"Host Seth MacFarlane has been leaning on sexist punchlines all night, and people are noticing. Here are the transcripts, so you can calibrate your outrage and/or eye rolls accordingly...."
That's Maureen O'Connor at The Atlantic. Maybe she's just looking for traffic or a neat framework for presenting some of the jokes from last night's big show, but how can you judge how sexist the jokes are when only the jokes about women are taken out of context? What was said about men?
I know there was a big song-and-dance number naming lots of actresses and the movies where they bared their breasts, but what was said about male nakedness? All of those women chose to display their boobs — to use the word in the song lyrics (which you can read at the link above (video here)) — and they got whatever admiration or career advancement they got. Having taken the advantages offered — perhaps including ousting some other actress with more modesty or less impressive attributes — they're not immune from jokes at their expense.
We make fun of men all the time. It would be sexist to have a rule that you can only make fun of men. So, were there jokes about male genitalia? But male actors don't normally go waggling their willies around in big Hollywood pictures, so it's hard to say what the parallelism would be for "I Saw Your Boobs." (It looks funny to write "male actors," but "actors" is used these days for both sexes. Maybe we could use "mactors" or — I know, it's taken — "malefactors.")
Now, it might have been impolite or in bad taste to call out the names of actresses who were there, proudly seated at this ritual of self-celebration, and to sing out "I saw your boobs" at particular individuals, right when they wanted everyone to think they were such goddesses, in their lovely ball gowns, which were quite possibly designed to make a special show of the very boobage that the song was about.
But that's not the topic of sexism. That's the topic of whether you want the Oscars host to display respect and reverence to the assembled dignitaries or would you rather have some broad comedy that might appeal to the big TV audience? It's a question of taste and a desire to maximize the size of the audience, which was the same question that led to the baring of the boobs in the first place.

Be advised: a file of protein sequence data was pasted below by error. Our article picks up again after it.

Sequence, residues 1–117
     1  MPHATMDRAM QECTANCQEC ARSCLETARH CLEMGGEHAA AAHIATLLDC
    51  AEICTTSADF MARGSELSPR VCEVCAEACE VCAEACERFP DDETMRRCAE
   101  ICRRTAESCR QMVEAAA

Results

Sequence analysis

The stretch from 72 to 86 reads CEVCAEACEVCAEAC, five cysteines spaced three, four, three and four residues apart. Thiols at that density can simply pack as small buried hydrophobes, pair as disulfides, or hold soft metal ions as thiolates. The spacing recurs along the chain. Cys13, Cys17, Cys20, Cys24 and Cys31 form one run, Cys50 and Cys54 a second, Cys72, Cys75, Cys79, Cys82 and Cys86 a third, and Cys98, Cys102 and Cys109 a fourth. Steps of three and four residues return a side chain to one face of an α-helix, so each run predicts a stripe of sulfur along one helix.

ADDED: I don't really think Maureen O'Connor cares about sexism one way or the other. If she really thought McFarlane's jokes deserved condemnation, she wouldn't have written "are we spoiled by Tina Fey and Amy Poehler's Golden Globes?" — which is also a joke about boobs. I'd condemn that joke for being so stale.
Who was the first person to equate "Golden Globes" and actresses' breasts? The Golden Globes were first presented in January 1944, so I'm betting the joke goes back to 1943. We needed some sexy laughs back in 1943. I'll bet just about anything you might say about breasts was either sexy or funny or both back in 1943. But today? It's hard to say something new. Maureen O'Connor doesn't seem to know how to say something new. McFarlane did. Gasping about how that might have been sexist is really incredibly dull. One thing that actually makes some people sexist is the unwillingness of (some!) women to laugh at themselves. Come on. Laugh at women. Laugh at men. We all deserve it.